Twenty patients presented with new rash. The incidence of new rash was 9.1% in this 3-month study period (95% CI=6.25%-14.4%). At the time of this study, there were no biomarkers or diagnostic tests for COVID-19–related cutaneous manifestations. Any new cutaneous manifestation not attributable to a previous/pre-existing skin disease or alternative diagnosis was considered COVID-19–related. Upon review by a dermatologist, six patients were diagnosed with localised urticarial eruptions after interferon injection treatment; 6.4% of patients (14/219) displayed various forms of COVID-19–related rash (Fig 2 and Table 2).
Figure 2. Cutaneous manifestations in patients with coronavirus disease 2019. (a) Urticarial eruptions. A 60-year-old man had tender urticarial plaques on the abdomen after interferon injection. (b) Maculopapular exanthem. A 40-year-old woman presented with maculopapular eruptions on the trunk as well as urticarial plaques on the right abdomen secondary to interferon injection. (c) Petechiae. A 37-year-old woman presented with petechial rash on the thighs. (d-f) A 59-year-old man presented with symmetrical erythematous vesicular papules on his extremities and back. (g) A 59-year-old woman presented with reticular erythema on the bilateral lower legs
Table 2. Characteristics of patients with confirmed coronavirus disease 2019 and cutaneous manifestations (n=14)
The most common manifestations were maculopapular exanthem (n=6, 42.9%, median Ct value: 24.8), followed by livedo reticularis (n=4, 28.6%, median Ct value: 21.3), varicella-like lesions (n=2, 14.3%, median Ct value: 19.3), urticaria (n=1, 7.1%, median Ct value: 14.4), and acral chilblain and petechiae (n=1, 7.1%, median Ct value: 33.1) [Fig 2]. The median Ct values for patients with and without rash were 22.9 and 24.1, respectively (P=0.58). The timing of symptom onset ranged from day 1 to day 9 (median, 4; mean, 4.28 ± 2.26). Skin symptoms were the sole symptoms in two patients with COVID-19 (0.91%), highlighting the importance of carefully evaluating patients who only display initial cutaneous symptoms or signs.
Outcomes and prognostic factors
Characteristics of patients with confirmed coronavirus disease 2019: rash vs no rash
Compared with patients without rash, patients with rash were more likely to exhibit fever (OR=5.73; P=0.008) and display pulmonary infiltrates on chest X-ray (OR=5.06; P=0.013). Among patients with pulmonary infiltrates (n=19), four of them had rash. The episodes of desaturation requiring supplemental oxygen were less common in patients with rash (25%, 1/4) than in those without (93.3%, 14/15; OR=0.02, 95% CI=0.001-0.49; P=0.02). Furthermore, among these 19 patients with pulmonary infiltrates, systemic corticosteroids were less frequently required by patients with rash (25%, 1/4) than by those without (73.3%, 11/15; OR=0.12, 95% CI=0.01-1.53; P=0.10), but it was not statistically significant. There were no significant differences in age, sex, co-morbidities or Ct values between patients with and without rash. The estimated glomerular filtration rate (eGFR) was slightly lower in older patients without rash (P=0.024); 10.2% of these patients had CKD stage ≥3. In terms of outcomes, patients with and without rash had mortalities of 0.0% and 2.9%, respectively (P=0.97). The length of hospitalisation was similar in both groups (Table 3).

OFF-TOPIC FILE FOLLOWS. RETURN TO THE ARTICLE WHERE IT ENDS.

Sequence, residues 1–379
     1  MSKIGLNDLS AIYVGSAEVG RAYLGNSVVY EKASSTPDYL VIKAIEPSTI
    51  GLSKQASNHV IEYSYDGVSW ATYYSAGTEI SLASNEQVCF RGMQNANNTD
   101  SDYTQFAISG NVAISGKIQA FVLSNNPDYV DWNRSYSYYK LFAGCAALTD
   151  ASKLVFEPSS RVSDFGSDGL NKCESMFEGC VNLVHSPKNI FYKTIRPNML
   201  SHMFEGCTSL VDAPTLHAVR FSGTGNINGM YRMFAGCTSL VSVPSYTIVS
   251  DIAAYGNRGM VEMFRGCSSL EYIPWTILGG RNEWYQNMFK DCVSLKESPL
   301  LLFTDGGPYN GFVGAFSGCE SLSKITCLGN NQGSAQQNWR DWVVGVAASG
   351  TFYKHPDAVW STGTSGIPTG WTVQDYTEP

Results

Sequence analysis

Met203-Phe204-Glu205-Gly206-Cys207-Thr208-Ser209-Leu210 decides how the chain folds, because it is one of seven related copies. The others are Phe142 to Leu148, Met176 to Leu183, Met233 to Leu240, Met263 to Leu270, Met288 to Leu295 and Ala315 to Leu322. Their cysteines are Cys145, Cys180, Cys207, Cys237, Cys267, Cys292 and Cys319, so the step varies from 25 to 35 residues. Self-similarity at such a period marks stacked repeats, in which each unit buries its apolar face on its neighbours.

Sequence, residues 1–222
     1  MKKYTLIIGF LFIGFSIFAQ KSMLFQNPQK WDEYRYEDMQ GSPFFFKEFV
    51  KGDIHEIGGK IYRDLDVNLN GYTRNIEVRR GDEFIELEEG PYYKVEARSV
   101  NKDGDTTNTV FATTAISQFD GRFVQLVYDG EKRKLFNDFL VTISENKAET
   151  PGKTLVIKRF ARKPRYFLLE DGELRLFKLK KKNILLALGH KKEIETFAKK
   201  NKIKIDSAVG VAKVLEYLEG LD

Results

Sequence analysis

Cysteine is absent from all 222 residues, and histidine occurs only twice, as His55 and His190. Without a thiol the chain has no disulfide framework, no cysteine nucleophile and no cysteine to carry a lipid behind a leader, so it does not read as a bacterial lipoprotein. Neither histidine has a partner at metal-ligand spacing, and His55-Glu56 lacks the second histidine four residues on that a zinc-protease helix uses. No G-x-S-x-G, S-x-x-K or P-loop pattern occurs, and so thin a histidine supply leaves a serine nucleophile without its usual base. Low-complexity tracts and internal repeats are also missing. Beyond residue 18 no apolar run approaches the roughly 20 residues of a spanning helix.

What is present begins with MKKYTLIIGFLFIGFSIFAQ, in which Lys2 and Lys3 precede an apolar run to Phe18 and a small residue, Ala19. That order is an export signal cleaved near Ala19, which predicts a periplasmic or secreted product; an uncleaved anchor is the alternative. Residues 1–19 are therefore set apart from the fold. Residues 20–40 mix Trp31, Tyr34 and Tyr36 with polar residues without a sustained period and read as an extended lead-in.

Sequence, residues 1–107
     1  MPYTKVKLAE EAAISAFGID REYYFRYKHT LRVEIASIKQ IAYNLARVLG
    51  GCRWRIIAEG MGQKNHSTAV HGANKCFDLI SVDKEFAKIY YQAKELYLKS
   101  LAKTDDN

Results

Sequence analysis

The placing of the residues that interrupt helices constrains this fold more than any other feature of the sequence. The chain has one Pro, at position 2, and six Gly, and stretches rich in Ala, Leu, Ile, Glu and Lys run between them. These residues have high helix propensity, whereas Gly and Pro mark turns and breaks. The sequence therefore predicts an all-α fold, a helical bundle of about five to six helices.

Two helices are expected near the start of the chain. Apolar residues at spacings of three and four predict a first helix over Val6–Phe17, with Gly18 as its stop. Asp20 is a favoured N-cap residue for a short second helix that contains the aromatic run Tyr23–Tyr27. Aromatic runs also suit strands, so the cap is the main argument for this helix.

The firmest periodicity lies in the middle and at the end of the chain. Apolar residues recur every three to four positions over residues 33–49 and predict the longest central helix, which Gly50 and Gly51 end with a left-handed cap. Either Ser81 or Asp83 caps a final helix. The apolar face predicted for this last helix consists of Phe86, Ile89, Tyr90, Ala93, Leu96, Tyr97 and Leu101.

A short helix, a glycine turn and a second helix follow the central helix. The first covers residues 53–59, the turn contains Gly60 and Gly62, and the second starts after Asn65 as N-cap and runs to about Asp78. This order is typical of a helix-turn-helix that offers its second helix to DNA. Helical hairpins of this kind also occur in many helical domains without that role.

Characteristics of patients with coronavirus disease 2019: co-morbidities and viral load
Patients aged ≥70 years had a significantly higher viral load (as reflected by a lower Ct value), compared with those aged <70 years (mean Ct value: 21.97 vs 24.65, P=0.03). Regardless of age, patients with hypertension and CKD stage ≥3 had a significantly higher viral load and lower initial Ct value on admission (OR=2.65, 95% CI=1.08-6.45 and OR=3.65, 95% CI=1.18-11.3, respectively; both P<0.05).
All six patients who died were men; their mean age was 87.0 ± 7.3 years. The rates of hypertension, diabetes mellitus, a glycated haemoglobin level of ≥6.5%, CKD stage ≥3, and higher viral load (ie, lower Ct value on admission) were significantly greater among patients who died than among those who survived (Table 4). Older age, hypertension, and low eGFR were associated with a higher risk of mortality (all P<0.05) [Table 5].
Table 4. Comparison of characteristics between patients with coronavirus disease 2019 who died (mortality group) and those who recovered (recovered group)
Table 5. Multiple Cox regression of all-cause mortality in patients with coronavirus disease 2019 (n=219)
Treatment varied in this cohort because there was no standard of care in the early days of the COVID-19 pandemic. Symptomatic treatment was administered to 53 patients (24.2%); 166 patients (75.8%) received early treatment within the first week of symptom onset, including interferon beta-1b and ribavirin, which were administered based on the results of a triple therapy clinical study.21 Emollients and topical corticosteroids of mild to moderate potency (1% hydrocortisone cream and 0.1% mometasone furoate cream) were prescribed for symptomatic relief.
Follow-up and dermatological outcome
During follow-up, we observed that urticarial eruption after interferon injection resolved within 10 to 14 days upon completion of treatment. With respect to COVID-19–related skin eruptions, most lesions (maculopapular exanthem, livedo reticularis, and urticaria) were self-limiting and spontaneously resolved without specific treatment; there were no severe sequelae. Two patients with varicella-like lesions had mild post-inflammatory hyperpigmentation without scarring.
Cutaneous manifestations of the COVID-19 pandemic have been gaining increasing attention because they may be useful in the early diagnosis of COVID-19, triage of patients with SARS-CoV-2–positive test results, and risk stratification. There is speculation that the mechanism involves the direct action of SARS-CoV-2 on tissues, the complement/interferon-driven immune response, and the coagulation system; alternatively, it involves nonspecific skin symptoms of systemic viral infection.16 17 22 26 27 28 Although more investigations are needed, it is possible that some symptoms are clinical signs of milder COVID-19, whereas others are indicators of more severe clinical illness.